Forested valleys to rocky, grass covered alpine zones, at altitudes of between 1,000 and 4,500 metres in the Himalayas.
Variety of leaves and grasses. Salt is also an important part of their diet and groups may stay at a mineral deposit for several days.
Takin are found in small family groups of around 20 individuals, although older males are more solitary. In the summer months, herds of up to 300 individuals gather high up on the mountain slopes. Takin migrate from the upper pasture to lower, more forested areas in winter.
Mating takes place between July and August and a single calf is born after a gestation period of around eight months.
Habitat loss, competition with other species and disease.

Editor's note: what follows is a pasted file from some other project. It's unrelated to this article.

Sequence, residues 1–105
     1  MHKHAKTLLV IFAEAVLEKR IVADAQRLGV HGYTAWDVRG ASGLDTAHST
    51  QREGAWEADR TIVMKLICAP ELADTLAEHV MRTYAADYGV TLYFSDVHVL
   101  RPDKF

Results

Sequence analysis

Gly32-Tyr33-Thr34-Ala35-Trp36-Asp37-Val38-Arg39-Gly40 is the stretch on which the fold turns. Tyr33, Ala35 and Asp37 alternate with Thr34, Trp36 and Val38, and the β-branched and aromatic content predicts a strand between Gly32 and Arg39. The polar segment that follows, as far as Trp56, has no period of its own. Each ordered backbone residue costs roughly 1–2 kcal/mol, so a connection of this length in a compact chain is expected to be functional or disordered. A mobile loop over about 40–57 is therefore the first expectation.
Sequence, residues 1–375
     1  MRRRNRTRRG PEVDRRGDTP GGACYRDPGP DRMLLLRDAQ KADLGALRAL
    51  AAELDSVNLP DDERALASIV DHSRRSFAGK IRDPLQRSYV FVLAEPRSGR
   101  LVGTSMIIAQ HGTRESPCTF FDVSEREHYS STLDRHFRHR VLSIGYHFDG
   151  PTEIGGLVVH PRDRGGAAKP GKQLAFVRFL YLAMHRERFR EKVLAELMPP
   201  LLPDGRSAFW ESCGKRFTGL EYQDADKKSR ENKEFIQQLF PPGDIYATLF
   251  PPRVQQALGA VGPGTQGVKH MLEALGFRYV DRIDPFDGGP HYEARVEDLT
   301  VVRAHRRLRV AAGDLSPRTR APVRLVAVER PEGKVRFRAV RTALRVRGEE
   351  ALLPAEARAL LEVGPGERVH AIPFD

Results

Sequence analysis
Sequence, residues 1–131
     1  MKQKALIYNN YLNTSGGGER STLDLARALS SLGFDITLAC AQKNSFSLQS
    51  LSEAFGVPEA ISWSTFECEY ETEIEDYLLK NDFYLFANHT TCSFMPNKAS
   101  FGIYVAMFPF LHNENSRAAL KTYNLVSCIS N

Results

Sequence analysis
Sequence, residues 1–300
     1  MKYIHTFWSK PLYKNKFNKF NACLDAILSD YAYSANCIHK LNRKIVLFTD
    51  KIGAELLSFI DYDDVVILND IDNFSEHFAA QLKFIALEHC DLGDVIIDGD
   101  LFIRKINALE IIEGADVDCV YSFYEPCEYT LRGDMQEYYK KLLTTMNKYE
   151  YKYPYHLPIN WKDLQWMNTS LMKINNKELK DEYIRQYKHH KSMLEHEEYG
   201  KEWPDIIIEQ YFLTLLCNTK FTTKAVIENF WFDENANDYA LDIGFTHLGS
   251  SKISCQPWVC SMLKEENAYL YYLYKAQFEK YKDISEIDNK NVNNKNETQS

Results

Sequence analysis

The takin is listed on Appendix II of the Convention on International Trade in Endangered Species (CITES), and an export permit is thus required for international trade. A captive population exists and is managed by the studbook held at Minnesota Zoo in the United States.
- Latin Name: Budorcas taxicolor taxicolor
- Class: Mammals
- Order: Artiodactyla
- Family: Bovidae
- Conservation status: Vulnerable
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